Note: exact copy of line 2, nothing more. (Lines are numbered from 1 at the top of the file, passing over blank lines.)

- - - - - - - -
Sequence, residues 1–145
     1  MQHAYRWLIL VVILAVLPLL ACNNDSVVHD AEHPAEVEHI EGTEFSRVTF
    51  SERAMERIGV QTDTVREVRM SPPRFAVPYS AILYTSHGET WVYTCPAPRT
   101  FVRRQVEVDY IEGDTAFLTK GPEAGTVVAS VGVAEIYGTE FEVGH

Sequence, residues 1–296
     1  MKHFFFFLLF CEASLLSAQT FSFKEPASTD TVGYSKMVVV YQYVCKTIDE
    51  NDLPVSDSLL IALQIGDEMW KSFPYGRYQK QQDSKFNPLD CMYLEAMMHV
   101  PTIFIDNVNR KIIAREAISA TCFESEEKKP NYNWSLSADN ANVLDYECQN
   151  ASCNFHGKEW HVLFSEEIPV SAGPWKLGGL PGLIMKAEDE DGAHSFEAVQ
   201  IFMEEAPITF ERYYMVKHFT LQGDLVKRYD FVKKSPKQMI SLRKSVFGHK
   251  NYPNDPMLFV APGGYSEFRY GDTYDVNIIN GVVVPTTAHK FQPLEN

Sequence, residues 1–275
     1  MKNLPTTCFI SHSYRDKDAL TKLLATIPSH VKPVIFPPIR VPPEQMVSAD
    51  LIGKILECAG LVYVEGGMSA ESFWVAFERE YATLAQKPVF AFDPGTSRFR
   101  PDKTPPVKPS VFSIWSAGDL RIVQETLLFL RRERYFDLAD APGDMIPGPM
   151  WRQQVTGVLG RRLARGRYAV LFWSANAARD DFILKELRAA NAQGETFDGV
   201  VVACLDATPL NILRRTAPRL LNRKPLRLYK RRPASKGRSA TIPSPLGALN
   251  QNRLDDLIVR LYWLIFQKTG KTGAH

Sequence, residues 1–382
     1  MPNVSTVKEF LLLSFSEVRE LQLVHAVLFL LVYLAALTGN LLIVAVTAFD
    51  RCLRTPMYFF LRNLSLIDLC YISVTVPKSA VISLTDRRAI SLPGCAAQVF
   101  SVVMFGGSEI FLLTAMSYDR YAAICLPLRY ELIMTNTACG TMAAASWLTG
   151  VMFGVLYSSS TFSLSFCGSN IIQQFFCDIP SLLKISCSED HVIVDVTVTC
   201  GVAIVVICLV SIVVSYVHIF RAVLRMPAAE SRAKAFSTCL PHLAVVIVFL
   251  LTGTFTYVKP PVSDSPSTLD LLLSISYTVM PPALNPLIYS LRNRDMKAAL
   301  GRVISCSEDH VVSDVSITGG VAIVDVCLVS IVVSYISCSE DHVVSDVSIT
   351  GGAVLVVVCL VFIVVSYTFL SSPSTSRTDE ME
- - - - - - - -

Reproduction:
     1  MQHAYRWLIL VVILAVLPLL ACNNDSVVHD AEHPAEVEHI EGTEFSRVTF